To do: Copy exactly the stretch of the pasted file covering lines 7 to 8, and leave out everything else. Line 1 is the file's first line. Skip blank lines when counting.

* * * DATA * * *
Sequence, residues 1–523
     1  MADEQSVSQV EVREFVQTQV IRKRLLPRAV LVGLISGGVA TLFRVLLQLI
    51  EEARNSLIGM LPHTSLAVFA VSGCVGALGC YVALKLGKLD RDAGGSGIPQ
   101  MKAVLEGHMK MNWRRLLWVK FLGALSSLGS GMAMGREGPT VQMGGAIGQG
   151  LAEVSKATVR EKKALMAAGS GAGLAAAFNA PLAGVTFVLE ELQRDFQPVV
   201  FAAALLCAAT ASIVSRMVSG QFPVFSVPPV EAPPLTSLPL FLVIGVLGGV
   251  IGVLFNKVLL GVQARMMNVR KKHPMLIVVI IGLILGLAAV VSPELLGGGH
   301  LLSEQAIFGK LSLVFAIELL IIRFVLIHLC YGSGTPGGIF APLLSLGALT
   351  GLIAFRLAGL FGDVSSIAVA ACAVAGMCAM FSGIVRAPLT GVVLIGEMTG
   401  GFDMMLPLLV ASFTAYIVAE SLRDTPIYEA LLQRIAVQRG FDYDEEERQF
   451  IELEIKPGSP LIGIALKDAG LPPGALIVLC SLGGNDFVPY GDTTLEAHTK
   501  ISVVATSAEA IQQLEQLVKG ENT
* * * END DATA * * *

   251  IGVLFNKVLL GVQARMMNVR KKHPMLIVVI IGLILGLAAV VSPELLGGGH
   301  LLSEQAIFGK LSLVFAIELL IIRFVLIHLC YGSGTPGGIF APLLSLGALT